Japan trying to liberalize immigration to fight deflation — a fact US should take note of.
By Krishnakumar S.
Thus inflation is unjust and deflation is inexpedient. Of the two things deflation is, if we rule out the exaggerated inflations such as that of Germany, the worse, because it is worse, in an impoverished world, to provoke unemployment than to disappoint the rentier. — John Maynard Keynes, “Essays in Persuasion,” (1933)
Deflation has been with the Japanese economy for the last twenty-five years. No wonder, it has been considered to be synonymous with Japan. Indeed, during 1995-2007, Japan witnessed a decrease in the nominal GDP from $5.33 trillion to $4.36 trillion. Japan experienced the specter of deflation since the 1990s — much before the rest of the world began experiencing it.
In fact, the last two and half decades were lost decades of growth for Japan. Prior to that, one used to hear stories of the techno whiz kids of Tokyo readying to upstage the United States. Everything about Japan in the mid eighties gave the world a new sense of prosperity, automobiles and electronics and all that.
The whiz kids of Tokyo, it was told, were all set to drive United States out of business. Elsewhere in the world, people were mesmerized by the stories of the rise of Japan. The pink press celebrated the Nikkei reaching the stratospheric levels of 38,000 plus and the land prices in Tokyo being the highest in the world. But come 1990s, all that came tumbling down, crashing to lows, from which they are yet to recover.
Since 2012, it has been a do-or-die battle for Prime Minister Shinzō Abe and his government against deflation. The determined efforts since 2012 were further reinvigorated following his re-election in 2014, with the prime minister putting in place the three-arrow strategy of monetary easing, fiscal stimulus and structural reform.
Signs of success are showing up, as various reports from Japan indicate. If true, this would be a game-changer for the world, as well as for the Japanese economy. Is the three-arrow strategy delivering Japan out of the pool of deflation? Will it push the country to be a $6 trillion economy by 2022, as projected by the policymakers?
The three-arrow strategy is distinctly different from the ones pursued by several other countries, whose focus has been heavily centered on monetary stimulus. Even when Janet Yellen and other central bankers had initiated talks on the possibilities of tapering bond purchases in 2013, and the world was witness to the taper tantrums taking its toll of the emerging market economies, Bank of Japan Governor Haruhiko Kuroda and others were busy expanding bond purchases on an unprecedented scale.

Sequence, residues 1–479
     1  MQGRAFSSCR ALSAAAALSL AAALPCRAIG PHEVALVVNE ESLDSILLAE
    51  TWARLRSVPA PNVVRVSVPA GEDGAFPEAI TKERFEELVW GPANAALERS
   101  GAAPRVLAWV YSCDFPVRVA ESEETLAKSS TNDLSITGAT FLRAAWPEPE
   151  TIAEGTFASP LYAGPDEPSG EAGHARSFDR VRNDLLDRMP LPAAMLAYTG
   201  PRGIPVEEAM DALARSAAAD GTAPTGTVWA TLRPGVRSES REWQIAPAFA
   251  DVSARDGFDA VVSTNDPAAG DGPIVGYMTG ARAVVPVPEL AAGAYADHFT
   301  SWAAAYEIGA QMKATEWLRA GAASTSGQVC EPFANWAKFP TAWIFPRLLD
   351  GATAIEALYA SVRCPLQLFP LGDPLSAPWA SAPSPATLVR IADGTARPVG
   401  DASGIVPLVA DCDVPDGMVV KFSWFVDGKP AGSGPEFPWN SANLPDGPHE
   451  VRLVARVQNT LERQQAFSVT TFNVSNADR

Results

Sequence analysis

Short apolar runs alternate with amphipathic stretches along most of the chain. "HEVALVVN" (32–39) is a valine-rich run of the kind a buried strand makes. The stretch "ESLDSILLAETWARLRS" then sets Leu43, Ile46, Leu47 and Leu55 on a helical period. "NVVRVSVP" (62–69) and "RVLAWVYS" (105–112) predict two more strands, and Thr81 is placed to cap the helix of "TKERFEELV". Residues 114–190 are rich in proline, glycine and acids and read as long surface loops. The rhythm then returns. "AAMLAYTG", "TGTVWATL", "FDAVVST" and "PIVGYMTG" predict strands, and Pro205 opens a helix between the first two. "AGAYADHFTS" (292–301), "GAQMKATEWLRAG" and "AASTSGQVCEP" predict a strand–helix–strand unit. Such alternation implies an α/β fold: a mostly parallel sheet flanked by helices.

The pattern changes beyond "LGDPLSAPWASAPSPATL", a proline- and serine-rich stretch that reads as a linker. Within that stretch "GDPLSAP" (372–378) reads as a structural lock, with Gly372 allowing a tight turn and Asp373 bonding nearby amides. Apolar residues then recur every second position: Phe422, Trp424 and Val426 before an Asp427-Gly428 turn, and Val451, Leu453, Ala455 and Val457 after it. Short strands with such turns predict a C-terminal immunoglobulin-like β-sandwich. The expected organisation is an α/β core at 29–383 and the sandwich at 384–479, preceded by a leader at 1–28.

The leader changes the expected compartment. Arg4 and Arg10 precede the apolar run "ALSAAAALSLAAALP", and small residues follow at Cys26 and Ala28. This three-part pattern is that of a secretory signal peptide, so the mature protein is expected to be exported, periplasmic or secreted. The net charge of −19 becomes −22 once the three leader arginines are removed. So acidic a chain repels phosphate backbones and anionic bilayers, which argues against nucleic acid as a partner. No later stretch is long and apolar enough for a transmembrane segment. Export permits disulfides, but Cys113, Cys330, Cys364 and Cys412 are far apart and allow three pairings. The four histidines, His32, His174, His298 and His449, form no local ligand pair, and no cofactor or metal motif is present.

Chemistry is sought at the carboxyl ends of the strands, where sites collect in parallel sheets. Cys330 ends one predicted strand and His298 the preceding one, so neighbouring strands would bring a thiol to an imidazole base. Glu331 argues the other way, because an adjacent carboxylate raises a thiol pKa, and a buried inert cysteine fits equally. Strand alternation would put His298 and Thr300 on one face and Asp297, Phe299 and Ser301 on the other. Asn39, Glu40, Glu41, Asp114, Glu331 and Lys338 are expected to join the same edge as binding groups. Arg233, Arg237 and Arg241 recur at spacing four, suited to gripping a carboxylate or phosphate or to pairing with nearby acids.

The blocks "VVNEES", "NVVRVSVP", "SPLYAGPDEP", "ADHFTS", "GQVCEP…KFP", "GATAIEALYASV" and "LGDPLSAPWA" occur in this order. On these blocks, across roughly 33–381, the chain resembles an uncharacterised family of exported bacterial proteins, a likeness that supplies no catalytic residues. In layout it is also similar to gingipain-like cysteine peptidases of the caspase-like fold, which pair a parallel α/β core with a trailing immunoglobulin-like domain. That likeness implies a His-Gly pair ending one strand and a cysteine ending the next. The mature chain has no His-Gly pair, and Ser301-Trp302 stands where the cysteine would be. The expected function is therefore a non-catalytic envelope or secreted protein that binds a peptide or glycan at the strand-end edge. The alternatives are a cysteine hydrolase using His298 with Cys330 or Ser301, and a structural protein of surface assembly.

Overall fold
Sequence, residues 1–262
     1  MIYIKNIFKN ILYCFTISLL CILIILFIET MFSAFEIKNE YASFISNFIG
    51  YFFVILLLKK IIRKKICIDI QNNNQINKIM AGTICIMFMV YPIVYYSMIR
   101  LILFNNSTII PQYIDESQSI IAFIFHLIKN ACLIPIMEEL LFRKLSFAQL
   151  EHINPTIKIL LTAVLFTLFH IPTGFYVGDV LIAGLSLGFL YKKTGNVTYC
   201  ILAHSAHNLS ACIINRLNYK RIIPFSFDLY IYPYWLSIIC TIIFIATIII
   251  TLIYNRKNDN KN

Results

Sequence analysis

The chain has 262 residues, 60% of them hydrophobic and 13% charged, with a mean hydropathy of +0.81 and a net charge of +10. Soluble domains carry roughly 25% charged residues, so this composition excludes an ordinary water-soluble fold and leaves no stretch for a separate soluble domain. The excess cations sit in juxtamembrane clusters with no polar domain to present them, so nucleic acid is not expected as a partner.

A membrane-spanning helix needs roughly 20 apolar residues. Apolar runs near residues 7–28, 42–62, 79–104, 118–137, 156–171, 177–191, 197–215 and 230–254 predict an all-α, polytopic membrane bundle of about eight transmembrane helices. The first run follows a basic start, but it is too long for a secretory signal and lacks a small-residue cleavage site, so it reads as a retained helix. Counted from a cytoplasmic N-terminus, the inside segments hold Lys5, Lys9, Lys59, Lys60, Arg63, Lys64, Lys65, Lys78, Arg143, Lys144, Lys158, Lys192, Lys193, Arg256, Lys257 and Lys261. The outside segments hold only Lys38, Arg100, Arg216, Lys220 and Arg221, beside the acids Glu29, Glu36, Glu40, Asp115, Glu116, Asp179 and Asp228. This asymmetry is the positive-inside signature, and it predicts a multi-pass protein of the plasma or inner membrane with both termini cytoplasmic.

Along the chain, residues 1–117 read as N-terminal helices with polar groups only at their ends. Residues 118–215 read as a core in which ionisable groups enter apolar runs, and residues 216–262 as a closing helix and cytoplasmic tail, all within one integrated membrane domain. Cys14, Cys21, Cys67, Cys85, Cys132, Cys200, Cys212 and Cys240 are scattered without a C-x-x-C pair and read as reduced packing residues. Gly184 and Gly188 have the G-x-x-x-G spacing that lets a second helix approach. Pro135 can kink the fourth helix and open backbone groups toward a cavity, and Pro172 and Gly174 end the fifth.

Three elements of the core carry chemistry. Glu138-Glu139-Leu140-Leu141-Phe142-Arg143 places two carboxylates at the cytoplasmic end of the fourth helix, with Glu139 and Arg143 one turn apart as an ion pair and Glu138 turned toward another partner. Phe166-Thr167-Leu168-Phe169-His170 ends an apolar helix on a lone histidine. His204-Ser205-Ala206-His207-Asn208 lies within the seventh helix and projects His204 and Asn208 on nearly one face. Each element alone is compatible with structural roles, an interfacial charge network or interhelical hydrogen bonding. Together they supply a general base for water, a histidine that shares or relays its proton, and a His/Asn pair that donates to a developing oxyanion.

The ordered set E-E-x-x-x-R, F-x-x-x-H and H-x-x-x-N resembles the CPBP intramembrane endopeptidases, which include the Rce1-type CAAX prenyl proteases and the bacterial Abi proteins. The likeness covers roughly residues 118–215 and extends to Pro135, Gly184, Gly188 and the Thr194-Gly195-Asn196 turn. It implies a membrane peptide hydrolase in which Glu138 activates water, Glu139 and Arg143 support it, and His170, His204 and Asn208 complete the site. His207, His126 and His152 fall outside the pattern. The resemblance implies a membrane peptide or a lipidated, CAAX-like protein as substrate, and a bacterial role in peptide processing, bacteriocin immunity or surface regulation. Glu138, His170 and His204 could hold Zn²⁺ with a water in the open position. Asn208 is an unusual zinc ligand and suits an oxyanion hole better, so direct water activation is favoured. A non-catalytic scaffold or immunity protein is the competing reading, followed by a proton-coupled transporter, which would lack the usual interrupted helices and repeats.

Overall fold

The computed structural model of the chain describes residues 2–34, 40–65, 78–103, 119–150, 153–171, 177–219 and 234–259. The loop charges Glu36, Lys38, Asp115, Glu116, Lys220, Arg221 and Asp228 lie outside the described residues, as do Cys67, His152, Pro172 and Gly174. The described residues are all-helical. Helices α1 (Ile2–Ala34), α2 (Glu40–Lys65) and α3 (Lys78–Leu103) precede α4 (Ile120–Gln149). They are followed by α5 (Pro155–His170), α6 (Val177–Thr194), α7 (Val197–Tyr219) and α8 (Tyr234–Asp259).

Indeed the data released recently by the Bank of Japan reveals that at the end of September 2016, it had held a total of 457.2 trillion yen in assets, of which Japanese government securities accounted for 397.6 trillion yen. This is far higher compared to 144.9 trillion yen of assets and 102.9 trillion yen in Japanese Government Securities in September 2012. (See Chart below.) In fact, the assets of the Bank of Japan are as high as 80% of the GDP. Despite the large monetary stimulus under the unconventional monetary policies, the assets of the central banks in US, as well as ECB, runs to at best 25% of their respective GDPs.
In fact, what makes the Japanese policy experiment distinctly different from both their US and European Union counterparts is that the quantitative easing strategies pursued on the monetary policy front is coupled with huge fiscal upscaling, notwithstanding the trenchant criticism from austerity pundits on the fallout of the growing public debt. Rather than going all out against the recession, the Americans were half-way deliberating on the debt ceiling limit. Worse are the Europeans, whose governments have given up on their autonomy over fiscal policies by being part of the Union.